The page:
“You want denouement of course, Helen,” Schiff says. “You want that neat resolution that is only possible in a movie. Let me tell you that resolution is an ongoing life process. The real opportunity you have in going to your reunion is to get a little insight into who you were and who your classmates were.”

If I couldn’t have a neat dramatic conclusion to the poorly produced movie of my life, I guess I’d happily settle for peace and self-knowledge. I would not, however, attempt this alone.

I contacted former fellow geek Kate Orman, reasoning that two pariahs are better than one. I found that this woman with whom I had shared “drama nerd” status was now a several-times published science-fiction author.

“I have a suspicion that the whole thing will not be dramatic, scary or cathartic, but gently boring,” she wrote to me.

Schiff concedes that her own reunion was far less volatile than she’d imagined. Her memories are of “a Californian, blonde-haired, blue-eyed, surfer, volleyball-playing WASP ghetto. And I’m a dark-haired, dark-eyed, mouthy, funny Jew. And I felt really other. I felt as though the currency I had held no value in this country”.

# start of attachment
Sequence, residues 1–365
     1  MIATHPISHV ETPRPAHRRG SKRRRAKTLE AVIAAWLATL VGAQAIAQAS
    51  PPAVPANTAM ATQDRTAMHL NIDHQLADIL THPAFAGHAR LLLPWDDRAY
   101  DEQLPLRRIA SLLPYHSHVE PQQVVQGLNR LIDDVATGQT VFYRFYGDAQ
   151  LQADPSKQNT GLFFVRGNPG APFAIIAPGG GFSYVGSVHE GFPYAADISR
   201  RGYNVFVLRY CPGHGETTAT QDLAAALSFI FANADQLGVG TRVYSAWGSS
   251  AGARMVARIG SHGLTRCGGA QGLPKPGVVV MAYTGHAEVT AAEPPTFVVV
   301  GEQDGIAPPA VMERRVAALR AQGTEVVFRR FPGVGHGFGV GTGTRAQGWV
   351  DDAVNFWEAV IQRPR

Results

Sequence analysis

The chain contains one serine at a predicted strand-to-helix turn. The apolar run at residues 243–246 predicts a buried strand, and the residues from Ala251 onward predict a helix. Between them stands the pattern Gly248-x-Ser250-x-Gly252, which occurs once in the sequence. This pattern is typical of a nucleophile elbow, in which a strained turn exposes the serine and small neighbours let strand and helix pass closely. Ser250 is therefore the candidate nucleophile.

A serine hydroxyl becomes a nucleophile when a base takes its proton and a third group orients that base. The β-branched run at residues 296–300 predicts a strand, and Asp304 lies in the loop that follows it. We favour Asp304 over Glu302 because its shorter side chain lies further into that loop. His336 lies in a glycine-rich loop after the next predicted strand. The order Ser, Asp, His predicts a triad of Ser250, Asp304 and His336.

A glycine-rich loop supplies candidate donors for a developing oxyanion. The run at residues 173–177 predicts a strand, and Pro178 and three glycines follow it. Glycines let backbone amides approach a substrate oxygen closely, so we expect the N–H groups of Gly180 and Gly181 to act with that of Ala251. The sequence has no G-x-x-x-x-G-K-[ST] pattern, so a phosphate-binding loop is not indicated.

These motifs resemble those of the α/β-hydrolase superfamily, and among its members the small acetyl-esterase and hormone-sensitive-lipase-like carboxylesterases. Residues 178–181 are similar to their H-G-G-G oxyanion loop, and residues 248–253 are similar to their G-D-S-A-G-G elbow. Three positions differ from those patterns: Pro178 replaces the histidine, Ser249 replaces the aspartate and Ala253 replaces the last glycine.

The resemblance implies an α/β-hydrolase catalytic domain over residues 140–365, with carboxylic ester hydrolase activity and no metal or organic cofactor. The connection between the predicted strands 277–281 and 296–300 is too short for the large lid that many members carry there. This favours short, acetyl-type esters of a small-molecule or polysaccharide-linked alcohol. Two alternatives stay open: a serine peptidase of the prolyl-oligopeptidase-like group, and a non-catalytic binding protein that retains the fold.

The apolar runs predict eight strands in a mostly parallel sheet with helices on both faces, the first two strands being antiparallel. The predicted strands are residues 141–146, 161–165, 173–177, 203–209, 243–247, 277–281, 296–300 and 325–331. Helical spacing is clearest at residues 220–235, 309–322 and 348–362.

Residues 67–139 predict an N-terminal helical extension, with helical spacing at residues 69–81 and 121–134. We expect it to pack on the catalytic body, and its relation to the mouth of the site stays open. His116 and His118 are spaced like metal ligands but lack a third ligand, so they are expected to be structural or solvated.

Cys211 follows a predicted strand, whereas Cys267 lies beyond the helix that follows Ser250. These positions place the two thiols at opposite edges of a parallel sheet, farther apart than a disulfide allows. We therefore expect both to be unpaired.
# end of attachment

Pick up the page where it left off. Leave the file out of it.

Her reunion was far gentler than her high school experience. It is broadly accepted that one’s teenage years are marked by misery and turmoil. What is more mysterious is the persistence of these memories.

“That time in your life gets frozen like a snapshot. You may mature. But that time is resolutely sealed,” says Schiff.

An atmosphere of profound change and crucial identity development may account for the deep-freeze recall of the time your gym shorts split in full view of the under-16 hockey squad.

Sociologist Dr Janne Skinner says that a significant reorientation of identity occurs during adolescence. “There is a dominant idea in psychoanalysis that identity is formed in very early life. A critique of this theory is that identity is formed utterly within the family and takes no account of public narratives,” she says.

“It may be argued that because adolescence is such an emotional and formative time, memories are stored and recorded in an emotional way.”

Adolescent memories, she says, are often prompted later in life by an association with a particular emotion. This may explain the sense we have of congealed or frozen high school memories.